Goodbye to Poland's Hawks

What Warsaw's New Government Means For Europe

Poland's former prime minister Donald Tusk talks with former foreign minister Radoslaw Sikorski at the parliament in Warsaw on August 27, 2014 Courtesy Reuters

Radoslaw Sikorski, who was replaced recently as Poland’s foreign minister, has never shied from confrontation. That was apparent in his farewell speech at Poland’s foreign ministry on September 22, in which he quoted former British Prime Minister Winston Churchill: “You have enemies? Good. That means you've stood up for something, sometime in your life.”

It’s not hard to guess which enemy he had in mind. In his seven years as foreign minister, Sikorski took a firm stand against Russian ambitions in eastern Europe. In 2009, he and Carl Bildt, then Sweden’s foreign minister, created the European Union’s Eastern Partnership program to promote engagement with Ukraine and five other former Soviet countries. In February, at the height of the protests on Kiev’s Independence Square, he helped broker an EU-backed deal between the opposition and then President Viktor Yanukovych. (Yanukovych fled the following day.) As hostility between Moscow and Kiev escalated into military confrontation, Sikorski confirmed his standing as one of Europe’s most prominent defenders of Ukraine’s right to build closer ties with the West. Under his leadership, Poland played an important role in organizing European sanctions against Russia. All of this raises a critical question: Does Sikorski’s departure from the foreign ministry signal that Poland is planning to abandon its distinctively hawkish voice in European foreign policy?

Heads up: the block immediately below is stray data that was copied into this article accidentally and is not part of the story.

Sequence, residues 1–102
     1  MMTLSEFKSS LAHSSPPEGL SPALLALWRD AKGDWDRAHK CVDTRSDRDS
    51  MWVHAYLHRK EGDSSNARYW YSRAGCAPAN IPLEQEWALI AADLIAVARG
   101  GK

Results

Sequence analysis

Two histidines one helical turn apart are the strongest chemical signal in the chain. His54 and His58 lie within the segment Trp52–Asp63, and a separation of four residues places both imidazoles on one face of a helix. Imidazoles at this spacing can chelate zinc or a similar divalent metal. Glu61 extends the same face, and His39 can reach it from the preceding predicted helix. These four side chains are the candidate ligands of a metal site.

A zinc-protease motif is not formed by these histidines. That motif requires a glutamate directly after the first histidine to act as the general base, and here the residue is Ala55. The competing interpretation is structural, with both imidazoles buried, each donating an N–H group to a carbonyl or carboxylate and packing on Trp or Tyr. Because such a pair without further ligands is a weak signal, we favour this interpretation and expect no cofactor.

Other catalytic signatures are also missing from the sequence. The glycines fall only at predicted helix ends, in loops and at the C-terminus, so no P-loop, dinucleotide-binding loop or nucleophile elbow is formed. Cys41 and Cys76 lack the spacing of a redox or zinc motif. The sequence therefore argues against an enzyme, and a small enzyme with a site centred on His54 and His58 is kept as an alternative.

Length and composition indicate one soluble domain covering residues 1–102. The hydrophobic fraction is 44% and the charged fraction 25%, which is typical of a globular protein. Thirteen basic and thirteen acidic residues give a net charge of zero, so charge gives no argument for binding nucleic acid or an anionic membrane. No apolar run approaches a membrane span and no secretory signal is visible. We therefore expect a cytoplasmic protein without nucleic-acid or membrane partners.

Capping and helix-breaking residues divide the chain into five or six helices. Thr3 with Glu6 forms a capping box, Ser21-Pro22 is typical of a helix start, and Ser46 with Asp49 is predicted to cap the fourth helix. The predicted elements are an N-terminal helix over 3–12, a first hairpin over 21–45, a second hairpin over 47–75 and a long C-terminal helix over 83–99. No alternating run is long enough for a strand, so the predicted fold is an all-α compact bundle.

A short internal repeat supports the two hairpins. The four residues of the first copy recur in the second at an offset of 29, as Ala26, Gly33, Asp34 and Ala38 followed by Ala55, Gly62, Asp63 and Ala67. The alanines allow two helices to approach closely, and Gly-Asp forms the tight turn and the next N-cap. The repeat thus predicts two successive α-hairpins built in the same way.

Sikorski’s departure is part of a government reshuffle after Polish Prime Minister Donald Tusk (also a strong advocate for Ukraine) was appointed president of the European Council, where he will be responsible for chairing meetings of EU heads of state. Ewa Kopacz, a long-standing Tusk ally and former minister of health, took over as prime minister in September. Sikorski became Poland’s speaker of parliament, and was replaced as foreign minister by Grzegorz Schetyna, who lacks international experience.

For European leaders who prefer a softer stance toward Russia -- and for the Kremlin itself -- these changes might seem reassuring. The new Polish government is placing a

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